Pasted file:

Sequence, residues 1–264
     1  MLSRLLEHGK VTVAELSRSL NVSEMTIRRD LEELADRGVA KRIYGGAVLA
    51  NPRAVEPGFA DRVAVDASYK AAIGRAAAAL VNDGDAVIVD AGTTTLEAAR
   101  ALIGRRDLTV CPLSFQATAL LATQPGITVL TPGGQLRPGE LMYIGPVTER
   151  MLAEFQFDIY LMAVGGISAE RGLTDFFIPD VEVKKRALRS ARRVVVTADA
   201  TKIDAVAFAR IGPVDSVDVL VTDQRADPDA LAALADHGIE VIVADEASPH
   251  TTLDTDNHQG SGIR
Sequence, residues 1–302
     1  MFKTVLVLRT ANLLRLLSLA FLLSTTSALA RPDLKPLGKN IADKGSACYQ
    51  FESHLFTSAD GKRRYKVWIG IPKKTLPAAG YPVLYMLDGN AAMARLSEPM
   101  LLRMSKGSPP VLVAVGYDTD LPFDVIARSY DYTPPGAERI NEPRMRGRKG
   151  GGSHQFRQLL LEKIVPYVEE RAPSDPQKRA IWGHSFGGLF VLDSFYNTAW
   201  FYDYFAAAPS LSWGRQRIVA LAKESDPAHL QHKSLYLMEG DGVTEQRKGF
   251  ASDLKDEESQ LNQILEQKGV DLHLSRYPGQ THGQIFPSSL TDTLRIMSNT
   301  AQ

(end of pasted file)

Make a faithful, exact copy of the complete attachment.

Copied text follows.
Sequence, residues 1–264
     1  MLSRLLEHGK VTVAELSRSL NVSEMTIRRD LEELADRGVA KRIYGGAVLA
    51  NPRAVEPGFA DRVAVDASYK AAIGRAAAAL VNDGDAVIVD AGTTTLEAAR
   101  ALIGRRDLTV CPLSFQATAL LATQPGITVL TPGGQLRPGE LMYIGPVTER
   151  MLAEFQFDIY LMAVGGISAE RGLTDFFIPD VEVKKRALRS ARRVVVTADA
   201  TKIDAVAFAR IGPVDSVDVL VTDQRADPDA LAALADHGIE VIVADEASPH
   251  TTLDTDNHQG SGIR
Sequence, residues 1–302
     1  MFKTVLVLRT ANLLRLLSLA FLLSTTSALA RPDLKPLGKN IADKGSACYQ
    51  FESHLFTSAD GKRRYKVWIG IPKKTLPAAG YPVLYMLDGN AAMARLSEPM
   101  LLRMSKGSPP VLVAVGYDTD LPFDVIARSY DYTPPGAERI NEPRMRGRKG
   151  GGSHQFRQLL LEKIVPYVEE RAPSDPQKRA IWGHSFGGLF VLDSFYNTAW
   201  FYDYFAAAPS LSWGRQRIVA LAKESDPAHL QHKSLYLMEG DGVTEQRKGF
   251  ASDLKDEESQ LNQILEQKGV DLHLSRYPGQ THGQIFPSSL TDTLRIMSNT
   301  AQ